Google is not responsible for protecting people’s “right to be forgotten” in any countries outside of the European Union, according to a preliminary opinion from the European court of justice.
The court first ruled in May 2014 that Google must take down links from internet searches of people who request to be removed because EU citizens have a right to be forgotten. The move was messy from the start, as Google got inundated with requests from people who wanted control over what others can find when they are Googled.
The next year, France’s National Commission for Information Technology and Civil Liberties (CNIL) insisted Google also remove links for these EU citizens in searches that are made outside of the EU. Namely, CNIL wanted Google to remove those links from Google.com instead of just removing links from European versions of the site, like Google.de and Google.fr. The French privacy regulator fined Google 100,000 euros when the company did not comply.
At the time, a Google spokesperson told Reuters, “as a matter of principle, we disagree with the CNIL’s assertion that it has the authority to control the content that people can access outside France.”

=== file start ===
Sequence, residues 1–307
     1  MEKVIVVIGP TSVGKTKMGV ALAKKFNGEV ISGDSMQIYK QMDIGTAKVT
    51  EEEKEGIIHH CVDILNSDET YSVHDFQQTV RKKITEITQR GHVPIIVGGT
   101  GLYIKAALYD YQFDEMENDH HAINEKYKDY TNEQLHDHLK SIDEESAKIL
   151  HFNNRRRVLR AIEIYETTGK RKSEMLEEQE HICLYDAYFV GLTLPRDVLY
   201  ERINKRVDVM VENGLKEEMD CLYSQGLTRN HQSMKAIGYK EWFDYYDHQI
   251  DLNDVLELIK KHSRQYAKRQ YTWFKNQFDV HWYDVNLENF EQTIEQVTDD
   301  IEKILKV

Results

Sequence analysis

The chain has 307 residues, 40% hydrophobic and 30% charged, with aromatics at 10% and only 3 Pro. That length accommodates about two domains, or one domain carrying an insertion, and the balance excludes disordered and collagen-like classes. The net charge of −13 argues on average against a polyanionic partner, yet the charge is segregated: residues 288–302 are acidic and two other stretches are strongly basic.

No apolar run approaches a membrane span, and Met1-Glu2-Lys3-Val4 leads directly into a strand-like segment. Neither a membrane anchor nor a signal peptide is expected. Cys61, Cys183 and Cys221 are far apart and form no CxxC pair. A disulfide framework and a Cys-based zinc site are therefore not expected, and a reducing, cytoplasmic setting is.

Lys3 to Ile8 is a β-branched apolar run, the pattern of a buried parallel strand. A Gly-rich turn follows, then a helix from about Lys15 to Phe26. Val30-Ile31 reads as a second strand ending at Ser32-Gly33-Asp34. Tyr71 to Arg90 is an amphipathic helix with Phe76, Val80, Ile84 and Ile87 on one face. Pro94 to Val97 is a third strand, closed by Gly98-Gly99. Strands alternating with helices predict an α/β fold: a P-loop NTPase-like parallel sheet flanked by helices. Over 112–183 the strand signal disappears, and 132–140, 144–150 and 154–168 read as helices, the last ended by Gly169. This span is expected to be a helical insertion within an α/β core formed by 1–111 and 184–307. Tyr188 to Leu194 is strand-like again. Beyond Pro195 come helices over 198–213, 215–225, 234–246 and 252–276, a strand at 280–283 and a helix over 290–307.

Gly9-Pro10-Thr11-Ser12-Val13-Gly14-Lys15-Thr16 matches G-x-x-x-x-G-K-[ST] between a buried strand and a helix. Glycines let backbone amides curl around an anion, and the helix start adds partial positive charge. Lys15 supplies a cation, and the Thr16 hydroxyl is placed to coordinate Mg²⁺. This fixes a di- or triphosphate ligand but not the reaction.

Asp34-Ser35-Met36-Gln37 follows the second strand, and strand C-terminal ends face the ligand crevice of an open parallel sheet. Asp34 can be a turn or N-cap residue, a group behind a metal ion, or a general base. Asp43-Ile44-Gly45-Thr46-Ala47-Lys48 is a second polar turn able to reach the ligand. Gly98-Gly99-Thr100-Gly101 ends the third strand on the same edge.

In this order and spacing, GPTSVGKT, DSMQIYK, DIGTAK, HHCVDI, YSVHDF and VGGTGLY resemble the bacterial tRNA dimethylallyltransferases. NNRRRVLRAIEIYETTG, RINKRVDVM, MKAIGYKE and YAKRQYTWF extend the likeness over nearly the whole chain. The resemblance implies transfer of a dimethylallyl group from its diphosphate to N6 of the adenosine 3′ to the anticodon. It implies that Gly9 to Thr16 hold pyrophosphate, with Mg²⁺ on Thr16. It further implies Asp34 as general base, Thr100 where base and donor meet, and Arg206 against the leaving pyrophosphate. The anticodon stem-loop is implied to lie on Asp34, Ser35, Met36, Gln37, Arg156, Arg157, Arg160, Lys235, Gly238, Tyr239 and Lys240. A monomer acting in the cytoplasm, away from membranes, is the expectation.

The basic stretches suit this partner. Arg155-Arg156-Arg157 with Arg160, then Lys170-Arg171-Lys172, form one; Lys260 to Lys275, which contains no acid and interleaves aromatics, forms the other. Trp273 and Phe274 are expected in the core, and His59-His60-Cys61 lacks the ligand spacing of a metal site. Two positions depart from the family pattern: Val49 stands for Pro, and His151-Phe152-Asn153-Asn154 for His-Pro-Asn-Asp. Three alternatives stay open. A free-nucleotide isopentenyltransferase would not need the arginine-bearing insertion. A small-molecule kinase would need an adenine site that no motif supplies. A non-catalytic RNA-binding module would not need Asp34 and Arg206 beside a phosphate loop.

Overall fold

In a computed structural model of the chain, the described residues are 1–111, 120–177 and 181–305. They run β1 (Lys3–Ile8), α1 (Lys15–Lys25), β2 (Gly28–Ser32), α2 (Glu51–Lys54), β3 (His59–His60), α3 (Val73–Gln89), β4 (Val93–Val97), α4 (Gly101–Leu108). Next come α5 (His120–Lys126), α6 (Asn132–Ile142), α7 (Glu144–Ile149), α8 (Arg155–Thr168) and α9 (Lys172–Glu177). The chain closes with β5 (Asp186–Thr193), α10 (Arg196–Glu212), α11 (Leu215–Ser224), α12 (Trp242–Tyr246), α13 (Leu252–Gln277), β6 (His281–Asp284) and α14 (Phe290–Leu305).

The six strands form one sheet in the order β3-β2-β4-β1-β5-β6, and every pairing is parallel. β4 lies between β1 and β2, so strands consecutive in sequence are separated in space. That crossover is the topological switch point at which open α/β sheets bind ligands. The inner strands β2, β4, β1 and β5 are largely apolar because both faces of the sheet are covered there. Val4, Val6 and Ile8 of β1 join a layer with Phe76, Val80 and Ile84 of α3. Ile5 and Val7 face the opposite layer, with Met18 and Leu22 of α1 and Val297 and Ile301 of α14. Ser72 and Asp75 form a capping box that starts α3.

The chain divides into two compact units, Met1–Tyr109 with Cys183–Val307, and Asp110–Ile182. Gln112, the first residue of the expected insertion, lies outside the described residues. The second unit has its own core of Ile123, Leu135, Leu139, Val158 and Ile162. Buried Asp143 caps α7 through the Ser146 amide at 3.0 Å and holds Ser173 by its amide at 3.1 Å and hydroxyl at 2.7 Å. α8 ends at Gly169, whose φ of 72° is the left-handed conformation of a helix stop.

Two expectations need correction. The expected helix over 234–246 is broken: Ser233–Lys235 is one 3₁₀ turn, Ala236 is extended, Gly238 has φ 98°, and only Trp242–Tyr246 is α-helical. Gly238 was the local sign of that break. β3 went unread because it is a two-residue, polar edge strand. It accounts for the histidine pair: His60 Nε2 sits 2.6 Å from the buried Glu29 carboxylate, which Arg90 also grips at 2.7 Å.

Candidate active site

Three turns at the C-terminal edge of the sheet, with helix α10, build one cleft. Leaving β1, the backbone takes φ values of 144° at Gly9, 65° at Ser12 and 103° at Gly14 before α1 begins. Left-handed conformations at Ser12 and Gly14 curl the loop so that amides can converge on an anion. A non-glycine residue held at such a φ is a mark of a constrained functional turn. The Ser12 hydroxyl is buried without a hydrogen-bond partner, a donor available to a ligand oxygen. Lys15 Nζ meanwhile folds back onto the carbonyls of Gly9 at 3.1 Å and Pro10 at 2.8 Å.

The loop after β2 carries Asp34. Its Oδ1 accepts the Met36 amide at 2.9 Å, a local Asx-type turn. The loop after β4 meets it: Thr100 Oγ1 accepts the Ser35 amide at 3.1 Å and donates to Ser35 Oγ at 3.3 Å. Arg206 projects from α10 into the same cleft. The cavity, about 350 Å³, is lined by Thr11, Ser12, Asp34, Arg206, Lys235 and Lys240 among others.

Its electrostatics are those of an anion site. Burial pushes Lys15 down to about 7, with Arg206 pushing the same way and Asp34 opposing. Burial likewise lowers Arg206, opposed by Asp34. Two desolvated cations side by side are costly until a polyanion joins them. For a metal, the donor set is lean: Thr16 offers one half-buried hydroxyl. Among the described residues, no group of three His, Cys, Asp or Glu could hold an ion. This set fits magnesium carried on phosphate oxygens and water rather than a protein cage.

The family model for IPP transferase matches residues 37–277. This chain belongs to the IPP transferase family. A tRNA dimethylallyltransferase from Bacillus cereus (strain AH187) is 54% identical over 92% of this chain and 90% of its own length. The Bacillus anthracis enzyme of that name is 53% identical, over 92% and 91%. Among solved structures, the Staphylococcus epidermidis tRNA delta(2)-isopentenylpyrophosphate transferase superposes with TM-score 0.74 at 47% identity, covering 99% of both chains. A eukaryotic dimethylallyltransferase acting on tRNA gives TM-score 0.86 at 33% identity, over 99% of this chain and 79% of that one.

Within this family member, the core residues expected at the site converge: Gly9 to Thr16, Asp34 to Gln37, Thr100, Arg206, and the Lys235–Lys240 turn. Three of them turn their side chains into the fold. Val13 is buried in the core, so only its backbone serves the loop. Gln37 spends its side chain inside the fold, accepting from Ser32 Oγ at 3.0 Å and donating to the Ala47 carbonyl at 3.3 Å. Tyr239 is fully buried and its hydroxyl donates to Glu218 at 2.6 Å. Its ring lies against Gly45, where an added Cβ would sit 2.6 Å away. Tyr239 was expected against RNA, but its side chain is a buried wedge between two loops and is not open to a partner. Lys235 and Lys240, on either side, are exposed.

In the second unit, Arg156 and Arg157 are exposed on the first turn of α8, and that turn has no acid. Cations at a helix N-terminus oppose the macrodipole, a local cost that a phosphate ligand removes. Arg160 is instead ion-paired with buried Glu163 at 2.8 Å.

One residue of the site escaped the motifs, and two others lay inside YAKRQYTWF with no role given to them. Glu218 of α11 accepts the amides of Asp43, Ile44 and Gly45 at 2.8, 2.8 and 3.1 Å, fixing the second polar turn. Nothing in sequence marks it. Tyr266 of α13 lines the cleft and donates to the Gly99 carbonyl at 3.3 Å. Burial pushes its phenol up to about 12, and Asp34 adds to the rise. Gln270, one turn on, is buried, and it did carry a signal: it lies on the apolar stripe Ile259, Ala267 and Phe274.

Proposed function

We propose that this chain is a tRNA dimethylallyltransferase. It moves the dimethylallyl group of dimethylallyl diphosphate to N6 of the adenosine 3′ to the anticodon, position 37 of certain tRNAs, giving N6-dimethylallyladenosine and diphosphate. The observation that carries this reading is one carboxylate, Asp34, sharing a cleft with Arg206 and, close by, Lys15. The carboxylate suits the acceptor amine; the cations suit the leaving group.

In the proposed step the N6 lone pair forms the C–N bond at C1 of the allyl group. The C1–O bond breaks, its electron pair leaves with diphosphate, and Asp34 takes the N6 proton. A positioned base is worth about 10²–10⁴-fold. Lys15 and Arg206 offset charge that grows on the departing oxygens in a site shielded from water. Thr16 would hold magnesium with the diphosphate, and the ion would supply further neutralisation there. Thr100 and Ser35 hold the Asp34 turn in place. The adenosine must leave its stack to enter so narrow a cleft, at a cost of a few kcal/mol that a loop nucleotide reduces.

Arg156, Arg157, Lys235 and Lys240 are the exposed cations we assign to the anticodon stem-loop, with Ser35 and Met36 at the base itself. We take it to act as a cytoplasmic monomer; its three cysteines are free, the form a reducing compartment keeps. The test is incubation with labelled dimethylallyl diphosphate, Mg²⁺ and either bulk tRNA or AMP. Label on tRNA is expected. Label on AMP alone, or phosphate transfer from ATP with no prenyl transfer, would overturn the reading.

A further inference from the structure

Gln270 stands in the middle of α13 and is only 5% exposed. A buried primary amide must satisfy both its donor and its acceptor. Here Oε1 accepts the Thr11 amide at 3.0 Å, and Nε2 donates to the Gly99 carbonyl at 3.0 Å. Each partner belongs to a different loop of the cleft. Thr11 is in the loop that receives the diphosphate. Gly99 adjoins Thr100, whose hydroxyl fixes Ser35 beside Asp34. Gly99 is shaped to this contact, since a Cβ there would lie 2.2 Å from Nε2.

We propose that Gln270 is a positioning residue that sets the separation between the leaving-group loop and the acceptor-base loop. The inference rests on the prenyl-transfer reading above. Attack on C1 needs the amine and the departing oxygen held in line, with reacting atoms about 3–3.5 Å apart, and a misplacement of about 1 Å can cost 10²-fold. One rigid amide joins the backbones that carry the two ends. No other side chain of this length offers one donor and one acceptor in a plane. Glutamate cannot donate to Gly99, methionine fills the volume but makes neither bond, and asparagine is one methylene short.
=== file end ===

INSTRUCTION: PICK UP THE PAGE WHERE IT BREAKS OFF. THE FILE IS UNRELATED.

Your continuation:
Now the EU court of justice seems to be siding with Google. Advocate general Maciej Szpunar said on Thursday that the right can only apply in the EU. According to a press release from the court, Szpunar believes “the fundamental right to be forgotten must be balanced against other fundamental rights, such as the right to data protection and the right to privacy, as well as the legitimate public interest in accessing the information sought.”
“There is a real risk of reducing freedom of expression to the lowest common denominator across Europe and the world,” Szpunar wrote, according to a report from the Wall Street Journal.
In a written statement shared with Gizmodo, Google’s senior privacy counsel Peter Fleischer echoed Szpunar’s sentiment: “Public access to information, and the right to privacy, are important to people all around the world, as demonstrated by the number of global human rights, media and other [organisations] that have made their views known in this case,”
Fleischer said Google has “worked hard to ensure that the right to be forgotten is effective for Europeans, including using geolocation to ensure 99% effectiveness.”
According to the Journal, court decisions usually align with the advocate general’s opinion, though they’re not required to follow his lead. A final decision should arrive in the next few months.